Are Cold Sores and Canker Sores the Same?
There’s hardly anything more irritating than a canker sore.
These tiny ulcers only last a few days…but wow! When you’ve got one, just about every word spoken and every bite taken hurts like heck! You know that feeling, right? Now, imagine how they feel in your child’s mouth! What exactly are those little buggers, and how in the world can you ease the pain fast? We’ll fill you in, and share our “canker-sore-be-gone” grocery list that’ll help save the day.
What Exactly is a Canker Sore?
To know the medically proper name for a canker sore is to understand why it hurts so much. A canker sore is actually an ulcer. An “Aphthous Ulcer” to be exact. These ulcers come in two forms, minor and major, and are surprisingly experienced by only about 20% of the U.S. population. Aren’t we lucky?!
Minor cankers (common in people between the ages of 10 and 20), are the smaller of the two, as the name would suggest, and last about 7-10 days. Major cankers can last from two to six weeks, have noticeable depth, and often have irregular borders. This type of sore is more common after the age of 20, and is essentially a recurrent canker, returning to a site previously impacted by a minor canker.
Who Gets Cankers?
While cankers affect both genders, girls tend to get them more often, likely because of hormonal fluctuations. Aside from that, the vast majority of people in general are believed to get cankers due to genetic tendencies – and the condition is triggered by spicy, salty or abrasive foods.
If your kids are among those unlucky people gifted with canker sore genetics, there is hope!
What’s the difference between a canker sore and a cold sore?
Cold sores, also called feverblisters or herpes. Herpes simplex type 1, are groups of painful, fluid-filled blisters.
Unlike canker sores, cold sores are caused by a virus and are extremely contagious.
Arrest the pain and speed up the healing process for canker sores with this short shopping list:
Rinses (use one of the below rinses four times a day)–
- Hydrogen Peroxide – Equal parts peroxide and water
- Salt and baking soda – Add a half teaspoon of both to 4oz. of water
- Brands like Orajel® and Kank-A® can provide relief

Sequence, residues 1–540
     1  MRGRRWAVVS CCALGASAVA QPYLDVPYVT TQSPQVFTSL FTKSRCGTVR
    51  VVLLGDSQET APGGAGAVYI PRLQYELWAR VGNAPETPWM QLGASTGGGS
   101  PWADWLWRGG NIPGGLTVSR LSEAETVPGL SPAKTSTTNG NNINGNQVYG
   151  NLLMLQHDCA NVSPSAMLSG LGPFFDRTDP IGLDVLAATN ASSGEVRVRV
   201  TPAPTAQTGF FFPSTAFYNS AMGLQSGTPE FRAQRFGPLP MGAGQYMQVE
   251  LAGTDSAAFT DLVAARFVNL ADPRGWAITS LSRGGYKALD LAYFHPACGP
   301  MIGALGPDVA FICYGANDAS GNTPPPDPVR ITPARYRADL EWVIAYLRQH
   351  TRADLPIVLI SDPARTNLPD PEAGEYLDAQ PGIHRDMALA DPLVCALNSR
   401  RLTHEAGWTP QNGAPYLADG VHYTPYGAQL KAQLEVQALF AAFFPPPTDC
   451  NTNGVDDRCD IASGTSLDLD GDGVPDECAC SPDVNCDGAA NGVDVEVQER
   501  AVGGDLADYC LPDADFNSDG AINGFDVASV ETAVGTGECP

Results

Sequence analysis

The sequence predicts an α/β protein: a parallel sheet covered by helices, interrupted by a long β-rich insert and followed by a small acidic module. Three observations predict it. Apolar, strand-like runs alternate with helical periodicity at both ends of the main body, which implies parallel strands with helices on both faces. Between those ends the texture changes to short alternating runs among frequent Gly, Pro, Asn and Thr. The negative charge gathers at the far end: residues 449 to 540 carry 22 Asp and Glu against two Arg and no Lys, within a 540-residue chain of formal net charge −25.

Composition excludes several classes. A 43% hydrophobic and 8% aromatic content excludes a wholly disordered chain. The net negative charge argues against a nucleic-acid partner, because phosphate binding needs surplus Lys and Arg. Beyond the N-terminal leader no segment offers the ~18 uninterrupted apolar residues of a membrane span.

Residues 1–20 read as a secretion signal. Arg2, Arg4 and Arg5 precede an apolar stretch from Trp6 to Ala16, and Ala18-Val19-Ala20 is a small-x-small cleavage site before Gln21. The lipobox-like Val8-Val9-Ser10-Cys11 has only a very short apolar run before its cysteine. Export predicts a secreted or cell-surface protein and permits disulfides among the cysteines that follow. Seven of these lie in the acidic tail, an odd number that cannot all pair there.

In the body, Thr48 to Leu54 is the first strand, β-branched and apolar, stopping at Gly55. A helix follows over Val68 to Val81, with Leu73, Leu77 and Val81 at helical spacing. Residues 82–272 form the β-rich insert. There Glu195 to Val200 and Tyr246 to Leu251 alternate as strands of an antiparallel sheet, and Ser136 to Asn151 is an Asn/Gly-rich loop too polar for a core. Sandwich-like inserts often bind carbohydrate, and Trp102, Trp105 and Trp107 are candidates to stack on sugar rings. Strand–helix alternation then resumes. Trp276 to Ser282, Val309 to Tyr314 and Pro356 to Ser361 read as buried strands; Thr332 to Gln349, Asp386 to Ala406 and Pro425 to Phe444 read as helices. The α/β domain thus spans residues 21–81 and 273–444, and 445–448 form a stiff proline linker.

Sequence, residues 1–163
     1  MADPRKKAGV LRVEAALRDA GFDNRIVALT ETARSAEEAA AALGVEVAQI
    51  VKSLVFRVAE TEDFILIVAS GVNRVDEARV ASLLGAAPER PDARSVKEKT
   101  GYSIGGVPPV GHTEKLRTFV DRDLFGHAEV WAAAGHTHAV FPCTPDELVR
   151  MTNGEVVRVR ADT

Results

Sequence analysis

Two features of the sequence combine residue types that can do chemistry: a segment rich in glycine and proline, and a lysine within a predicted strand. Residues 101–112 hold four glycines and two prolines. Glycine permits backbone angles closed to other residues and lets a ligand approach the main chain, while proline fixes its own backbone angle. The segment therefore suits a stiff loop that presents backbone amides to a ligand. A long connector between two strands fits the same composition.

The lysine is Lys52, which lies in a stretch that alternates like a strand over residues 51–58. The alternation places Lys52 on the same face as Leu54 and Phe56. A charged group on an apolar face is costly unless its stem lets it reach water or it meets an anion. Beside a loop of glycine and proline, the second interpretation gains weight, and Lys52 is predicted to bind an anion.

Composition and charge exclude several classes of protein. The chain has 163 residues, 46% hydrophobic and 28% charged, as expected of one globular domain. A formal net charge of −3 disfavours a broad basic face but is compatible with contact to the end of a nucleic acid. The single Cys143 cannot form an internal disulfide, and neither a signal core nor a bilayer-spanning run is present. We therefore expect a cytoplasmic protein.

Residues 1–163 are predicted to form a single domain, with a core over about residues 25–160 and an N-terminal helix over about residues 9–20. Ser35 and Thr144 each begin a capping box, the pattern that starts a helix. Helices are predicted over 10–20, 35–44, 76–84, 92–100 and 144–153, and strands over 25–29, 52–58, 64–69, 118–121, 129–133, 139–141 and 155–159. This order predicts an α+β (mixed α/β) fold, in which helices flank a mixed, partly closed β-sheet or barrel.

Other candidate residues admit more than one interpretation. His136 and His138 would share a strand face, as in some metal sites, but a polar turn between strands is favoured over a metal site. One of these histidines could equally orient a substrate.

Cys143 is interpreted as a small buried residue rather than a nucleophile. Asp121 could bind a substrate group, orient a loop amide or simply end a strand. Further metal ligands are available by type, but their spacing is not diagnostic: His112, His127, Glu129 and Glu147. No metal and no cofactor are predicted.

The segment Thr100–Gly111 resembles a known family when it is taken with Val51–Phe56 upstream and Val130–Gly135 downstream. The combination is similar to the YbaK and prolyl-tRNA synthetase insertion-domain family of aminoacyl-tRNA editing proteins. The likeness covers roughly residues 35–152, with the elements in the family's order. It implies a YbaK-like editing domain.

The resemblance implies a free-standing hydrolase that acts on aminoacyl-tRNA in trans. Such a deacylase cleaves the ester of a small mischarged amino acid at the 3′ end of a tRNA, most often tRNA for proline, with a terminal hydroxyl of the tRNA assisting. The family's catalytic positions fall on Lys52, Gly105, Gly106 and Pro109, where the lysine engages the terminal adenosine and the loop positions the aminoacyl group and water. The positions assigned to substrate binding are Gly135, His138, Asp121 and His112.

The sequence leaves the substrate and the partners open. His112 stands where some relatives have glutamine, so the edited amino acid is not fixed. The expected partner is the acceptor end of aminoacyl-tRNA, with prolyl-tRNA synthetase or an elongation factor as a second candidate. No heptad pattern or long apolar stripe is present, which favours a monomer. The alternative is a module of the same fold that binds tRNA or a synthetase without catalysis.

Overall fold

- Milk of Magnesia – dab on a cotton swab and use four times daily after the hydrogen peroxide rinse.
- Baking Soda and Water Paste
- OraCare mouth rinse is great at keeping ulcers clean and plaque free, which reduces pain and makes them go away faster
Soft Tissue Dental Laser tretment
Dental lasers heal the sore with a single, painless visit to your dentist. After a brief feeling of warmth, the canker sore will no longer feel tender, and you can leave our office knowing that your mouth will be cleared up in just a day or two.
It’s the only method proven to actually heal a canker sore, while simultaneously removing the pain.
Many canker sores are caused by viruses. The biostimulation of the laser helps to kill the virus and cauterizes the open wound so that no new infection takes over. Cauterization using a laser doesn’t hurt like other treatments, such as freezing, but it does effectively remove the pain immediately. You can leave the dentist not just relieved, but actually well on your way to being all better.
Your canker sore will heal in just 2 days rather than 2 weeks.
A canker sore lasts an average of two weeks. This drops down to just two days when you seal off the sore and promote healing using a dental laser.
You’ll be less likely to get canker sores in the future.
Many people repeatedly get canker sores in the same place, especially in places where there is a persistent irritant, such as braces or dentures rubbing. This almost always means that a virus is active at a specified nerve ending or a stressor is located in that area of your mouth. The dental laser helps permanently reverse canker sore formation by “burning out” the virus from the nerve ending, eliminating repeat sore formation. Even canker sores caused not by a virus, but rather by rubbing can be eliminated in the same way. The laser seals off the nerve ending, which means that your brain no longer registers the irritant. The trigger goes unnoticed, which means that the ulcers don’t form.
If you or your children have a sore lasting beyond the two-week mark, make an appointment to see your doctor to evaluate their case. Prescription medications might be necessary to bring them much-needed relief or a laser treatment may do the trick. Why suffer when there are options out there to make it better?
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